The night prior (last night) I had a dream where I was in some church meeting and some brother was commenting on how he didn’t believe what the Church was teaching in a number of areas – be it correlation, the role of prophets in the modern church, tithing, etc.  The teacher was a brother from the ward I had been attending in Utah, though I’m uncertain of his role in the dream other than as an instructor.  I never spoke much to him while in Utah – he was a doctor and only present occasionally, I was the father of a young boy not yet in nursery and thereby prone to walking the halls instead of in meetings.

No one really said anything to dissuade the original commenter from what he was “struggling” with, at least that I remember from the dream.  Toward the end of the dream I remember feeling the pressure or squeeze on this brother and stated something along the following lines:  “We should be free to worship as we choose.”  The premise of my comment was to let this brother believe as he wants, and not suffocate him for going outside the mainstream beliefs and, dare I say, idolatry.

Prophets

Then, I step into Elder’s Quorum just in time to hear the announcement of the days lesson:  Prophets of God.  Joy of joys, what was I doing there and what was I about to get into?  I was doing pretty good, in spite of the corrections from the Elder’s Quorum president to a couple of the comments other Elder’s had made.  For instance, in response to a statement from the teacher on how a prophet must be both righteous and a man of God, one brother brought up the examples of Paul (from the New Testament) and Alma the Elder (from the Book of Mormon) and how these men were anything but righteous prior to their calls from God.  In response to this comment, mysteriously (in my opinion), the Elder’s Quorum president redirected the conversation by stating, “Just to be clear, we’re talking about the prophet and president of the church, not just a prophet.”  The comment didn’t make much sense, to me, given the direction of the lesson, but nevertheless served to redirect and refocus the lesson on the hierarchy of the LDS church (and certainly what others have called, and for good reason, idolatry) as opposed to the gift of prophecy.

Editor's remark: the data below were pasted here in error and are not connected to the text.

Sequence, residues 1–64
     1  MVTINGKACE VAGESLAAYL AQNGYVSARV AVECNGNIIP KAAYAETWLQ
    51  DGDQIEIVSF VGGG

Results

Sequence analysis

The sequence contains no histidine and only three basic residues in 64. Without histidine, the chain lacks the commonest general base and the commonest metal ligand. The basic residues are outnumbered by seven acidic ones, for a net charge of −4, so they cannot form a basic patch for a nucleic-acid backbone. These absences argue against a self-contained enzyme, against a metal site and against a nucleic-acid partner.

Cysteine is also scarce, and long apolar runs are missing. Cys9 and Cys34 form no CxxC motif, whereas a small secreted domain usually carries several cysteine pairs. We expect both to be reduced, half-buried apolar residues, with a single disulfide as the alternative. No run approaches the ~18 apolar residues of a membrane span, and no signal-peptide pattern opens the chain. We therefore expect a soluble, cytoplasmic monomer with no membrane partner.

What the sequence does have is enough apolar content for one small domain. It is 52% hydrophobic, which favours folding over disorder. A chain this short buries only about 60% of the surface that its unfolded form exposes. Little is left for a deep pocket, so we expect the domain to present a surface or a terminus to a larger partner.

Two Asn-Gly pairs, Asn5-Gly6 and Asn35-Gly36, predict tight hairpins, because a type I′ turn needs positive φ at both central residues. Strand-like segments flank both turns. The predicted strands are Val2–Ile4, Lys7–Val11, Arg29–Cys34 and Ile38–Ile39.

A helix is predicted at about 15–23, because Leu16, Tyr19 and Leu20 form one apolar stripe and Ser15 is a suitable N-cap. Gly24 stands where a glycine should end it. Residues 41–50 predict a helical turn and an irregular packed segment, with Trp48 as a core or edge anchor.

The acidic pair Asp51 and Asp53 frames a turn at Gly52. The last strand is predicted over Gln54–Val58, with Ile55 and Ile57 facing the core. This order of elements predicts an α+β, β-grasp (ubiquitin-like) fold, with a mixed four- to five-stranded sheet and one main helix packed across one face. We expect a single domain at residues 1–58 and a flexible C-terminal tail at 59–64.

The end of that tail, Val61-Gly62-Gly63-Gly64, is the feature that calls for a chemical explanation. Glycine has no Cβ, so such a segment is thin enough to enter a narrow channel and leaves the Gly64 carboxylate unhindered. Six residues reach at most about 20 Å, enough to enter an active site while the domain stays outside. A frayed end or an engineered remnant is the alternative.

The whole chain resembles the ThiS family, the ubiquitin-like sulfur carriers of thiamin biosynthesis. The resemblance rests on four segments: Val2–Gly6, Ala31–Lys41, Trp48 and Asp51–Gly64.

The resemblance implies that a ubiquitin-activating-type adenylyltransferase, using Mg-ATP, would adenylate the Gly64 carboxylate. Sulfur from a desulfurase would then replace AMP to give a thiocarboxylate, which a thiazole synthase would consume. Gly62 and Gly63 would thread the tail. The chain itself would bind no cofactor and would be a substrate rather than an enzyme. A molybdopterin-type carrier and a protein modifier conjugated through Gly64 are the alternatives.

I seemed to be alright with this, content to keep my thoughts to myself.  That is until the teacher shared one of the favorite quotes from LDS history:

“The Lord will never permit me or any other man who stands as President of this Church to lead you astray. It is not in the programme. It is not in the mind of God. If I were to attempt that, the Lord would remove me out of my place.”

Teachings of Presidents of the Church: Wilford Woodruff [2004], 199.

Removed from My Place

Perhaps, upon hearing my comment, the Lord should have removed me from my place.  Perhaps the teacher and Elder’s Quorum president would have hoped to remove me from my place…but there I remained to spread some false doctrine among the mainstream church.

My comment was basically my analysis of the only meaning one can really take from this statement:  that (a) the Lord doesn’t strike down and kill all those who attempt to lead the children of men astray and (b) what the Lord would remove, if the statement were true, is the prophet’s authority and priesthood.  If the contact with heaven is ever severed through unrighteous dominion, no matter the degree, then our authority and priesthood is removed.  That’s the only way I can interpret that statement and am at a point where I simply cannot adhere to the beliefs promulgated by the mainstream (i.e. the prophets and apostles cannot lead us astray, etc).

Such was my comment.  There I sat, silent, for the rest of the lesson.  Then, right about closing time, another elder made a comment which I feel was probably meant to rebuke me for my “lack of faith” or something along those lines.  The comment can be summed up as this:  the prophet is called of God.  If the prophet is called of God, then all the apostles are called of God, then all the Generic Authorities are called of God, then all the area authorities, stake presidents, bishops, young men’s presidents, elder’s quorums teachers and every single decision is of God. End of story.  Curtain call.